Mazin Sidahmed| The Daily Star

BEIRUT: The government may handle Lebanon’s growing solid waste problem by installing incinerators across the country, but environmentalists warn this could create more problems than it solves.

The government decided on Oct. 30 to open a tender for companies to treat solid waste.

The Cabinet is scheduled to be briefed on the outcome of the bidding by the end of this month.

Sources familiar with the decision told The Daily Star that incinerators that convert waste into energy were the preferred option.

Incineration is a controversial method that involves burning waste and converting it into ash, flue gas and heat.

The gas emitted from incinerator plants is often hazardous and can affect the health of local residents if it is not filtered correctly.

The main advantage of incineration is it can be used to generate electricity for the local grid.

If used only for non-recyclable goods, in parallel with comprehensive recycling programs, it may offer a viable solution to Lebanon’s waste epidemic.

According to the Environment Ministry, Lebanon produces 1.57 million tons of solid waste a year, growing at an annual rate of 1.65 percent.

A 2010 report by the ministry found that Lebanon’s urban areas generate a maximum of 1.1 tons per capita – roughly average for the Middle East and North Africa region and far below that of the advanced OECD economies.

Currently, 53 percent of Lebanon’s solid waste goes to landfills, 30 percent is disposed in dumps, and the remaining 17 percent is recycled or composted, according to government figures.

The main problem is a lack of infrastructure. A plan to remedy this by implementing a solid waste management system across the country was interrupted by the 2006 war with Israel.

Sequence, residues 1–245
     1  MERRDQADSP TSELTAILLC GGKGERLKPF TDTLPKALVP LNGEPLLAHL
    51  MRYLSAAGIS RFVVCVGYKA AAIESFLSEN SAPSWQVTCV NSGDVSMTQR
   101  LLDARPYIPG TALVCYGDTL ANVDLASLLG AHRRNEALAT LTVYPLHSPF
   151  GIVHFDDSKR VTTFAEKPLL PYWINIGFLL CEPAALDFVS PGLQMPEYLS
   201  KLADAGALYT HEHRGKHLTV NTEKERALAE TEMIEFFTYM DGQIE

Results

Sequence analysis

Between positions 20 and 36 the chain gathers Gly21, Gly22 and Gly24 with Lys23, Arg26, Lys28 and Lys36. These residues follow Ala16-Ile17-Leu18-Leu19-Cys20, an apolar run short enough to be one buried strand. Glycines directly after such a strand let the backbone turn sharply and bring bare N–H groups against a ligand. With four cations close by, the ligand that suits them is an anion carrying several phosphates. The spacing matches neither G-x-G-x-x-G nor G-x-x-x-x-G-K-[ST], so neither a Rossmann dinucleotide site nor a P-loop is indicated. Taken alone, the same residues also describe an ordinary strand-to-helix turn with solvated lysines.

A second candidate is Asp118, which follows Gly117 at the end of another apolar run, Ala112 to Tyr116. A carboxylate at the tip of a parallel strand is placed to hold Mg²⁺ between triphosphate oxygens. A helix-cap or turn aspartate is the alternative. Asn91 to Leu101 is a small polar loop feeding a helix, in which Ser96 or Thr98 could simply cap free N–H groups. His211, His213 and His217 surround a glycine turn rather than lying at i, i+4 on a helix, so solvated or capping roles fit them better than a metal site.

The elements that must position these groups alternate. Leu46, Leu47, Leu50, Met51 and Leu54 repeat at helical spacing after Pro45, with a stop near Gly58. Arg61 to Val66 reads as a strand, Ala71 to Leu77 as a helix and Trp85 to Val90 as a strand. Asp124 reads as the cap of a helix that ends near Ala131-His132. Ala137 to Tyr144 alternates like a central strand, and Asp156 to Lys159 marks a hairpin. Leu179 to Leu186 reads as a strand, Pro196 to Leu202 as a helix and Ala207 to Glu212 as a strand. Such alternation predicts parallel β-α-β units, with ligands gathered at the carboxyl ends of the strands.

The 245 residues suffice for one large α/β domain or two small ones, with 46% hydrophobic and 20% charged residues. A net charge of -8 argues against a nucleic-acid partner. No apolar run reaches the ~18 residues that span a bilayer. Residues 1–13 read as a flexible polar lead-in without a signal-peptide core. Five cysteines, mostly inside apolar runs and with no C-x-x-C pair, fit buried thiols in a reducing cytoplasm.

Environmentalists said that the enormous amount of waste in Lebanon’s landfills is disruptive to locals and is often burned, emitting toxic gases.

The imminent closure of the notorious Naameh landfill has expedited the need for an alternative solution and opened the door for incineration.

However, incinerators have a rocky history in Lebanon. A large incinerator located in the Amrousieh suburb of Beirut was burned down in 1997 by locals sick of the fumes it was emitting.

Ziad Abi Chaker, CEO of Cedar Environment, which builds recycling sites with a zero waste philosophy, is skeptical the government will able to find a location for incinerator plants.

“It is going to be even more difficult placing incinerators then finding landfills,” he said.

“People know that an incinerator has a much higher risk then a landfill,” he added.

Abi Chaker said that incinerators require consistent maintenance to ensure that toxic fumes were filtered properly, and there was no guarantee the government would take care of this.

He added that most incinerators in Europe only handled 120 tons per day and were used along with extensive recycling.

The Naameh landfill handles 2,800 tons of waste per day; to divert this amount to an incinerator would come at a huge cost and would be difficult to maintain.

Abi Chaker also noted the issue of how to dispose of the harmful ash created by incineration. Some countries have been burying the ash in salt mines, he added.

Nader Nakib, president of green building NGO, G, believes that segregation of recyclable waste should be the top priority.

“Waste should be segregated. Anything that can be recycled has to be recycled, everything that can be composted … has to be composted in a good way and the remaining could be incinerated if they follow the Scandinavian model.”

Nakib said the Scandinavian model involved extensive recycling and the feeding of energy generated from incinerators into the country’s electrical grid.

In fact, Sweden is requesting waste from other countries to use as fuel to generate electricity.

Green Party President Nada Zaarour said that setting up an incineration plant in Lebanon would require in-depth monitoring and maintenance that she was unsure the government was capable of.

“We’re not completely against this treatment method as long as it’s done at the highest standards or with very progressive technology. We just have a problem with this government’s vision with treatment,” she added.

Lack of monitoring and maintenance plagues most of Lebanon’s long-term projects, Zaarour said.

Projects such as incineration tend to succeed in European countries, where strong state institutions ensure their effective operation.

Zaarour suggested that instituting a garbage tax would involve citizens as part of a waste management solution, and encourage people to be more cautious about what they throw out.

Environment Minister Mohammad Machnouk could not be reached for comment.

A version of this article appeared in the print edition of The Daily Star on December 20, 2014, on page 3.
– See more at: